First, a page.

Thursday, January 13, 2011

Reflections on the Recruitment of US Colored Troops

Recruitment Poster for Black Soldiers to Join the Fight for Freedom



On this day in history three regiments of black Union soldiers were organized at the same time in different parts of the country. At the same time, with two of those three regiments, there is a tie to my own family history, or interest.  

The 1st Kansas Colored, was organized in Kansas but consisted mostly of men from Creek and Cherokee Nations, and a few from nearby NW Arkansas.  This would later be the unit that would be involved in the famous Battle of Honey Springs, and the Kansas Colored would be the unit that would ultimately save the day for the Federal soldiers.  My own family ties to Indian Territory, and the community around the historic Honey Springs battlefield makes this day significant for me.

The 3rd Alabama Regiment was African Descent was organized on this day. The unit would later be redesignated as the 111th US Colored Infantry.  This unit interests me, because my 2nd Great Uncle Sephus Bass, and another uncle, Braxton Bass, plus Sephus's 2 sons Henry and Emmanuel all enlisted in this regiment.  I wrote about Sephus Bass's story and the capture of the 111th at Sulphur Branch Trestle in north Alabama. They were natives of  Giles County Tennessee and were part of a large contingent of black men that enlisted in the Union Army from Tennessee.  I was most amazed as Sephus Bass described his being captured by NB Forrest and then later his escape from Nathan Bedford Forrest!  I realized that the reason for this incident had to do with the fact that they were recognized by Forrest and knew their origins in Giles County, which was also the home of Gen. Forrest.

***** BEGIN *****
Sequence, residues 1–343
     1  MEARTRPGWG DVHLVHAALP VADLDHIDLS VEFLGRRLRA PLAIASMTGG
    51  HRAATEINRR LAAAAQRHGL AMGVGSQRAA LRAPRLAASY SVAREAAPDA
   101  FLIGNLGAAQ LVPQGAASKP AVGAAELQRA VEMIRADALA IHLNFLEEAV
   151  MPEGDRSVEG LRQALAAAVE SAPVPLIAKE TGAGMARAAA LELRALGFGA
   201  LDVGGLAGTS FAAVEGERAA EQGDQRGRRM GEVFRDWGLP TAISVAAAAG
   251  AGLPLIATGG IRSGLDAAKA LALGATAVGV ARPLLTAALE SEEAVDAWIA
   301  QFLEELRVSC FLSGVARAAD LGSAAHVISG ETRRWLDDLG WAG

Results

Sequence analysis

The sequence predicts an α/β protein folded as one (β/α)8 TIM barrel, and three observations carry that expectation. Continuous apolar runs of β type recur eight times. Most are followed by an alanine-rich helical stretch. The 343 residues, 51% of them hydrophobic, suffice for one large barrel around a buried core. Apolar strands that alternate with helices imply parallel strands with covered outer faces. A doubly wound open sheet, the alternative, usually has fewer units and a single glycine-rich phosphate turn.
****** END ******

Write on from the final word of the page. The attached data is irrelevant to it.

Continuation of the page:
I think of the transition in their lives that the slaves had to have made from living their entire lives as slaves to life suddenly free---but with a new lifestyle of regiment, and discipline required by being in the US Army.  The departure of those men from the farms, and estates where they once lived, to one where they were now being trained in the use of arms, and weapons and treated for the first time as men.  How amazing these times must have been. At the same time, how unusual this had to have been for those left behind---the women, the children who knew their loved one---their husband, their father, their brother left with no permission from the slaveholders---their hopes and fears and thoughts as a new kind of danger emerged for them.

These are among the many untold stories that may not ever be found, from our families---but we must still appreciate the incredible times in which they lived, the bravery they showed, and thankfully the success of their fight for freedom!  We must also think about what their actions brought to the communities where they lived.

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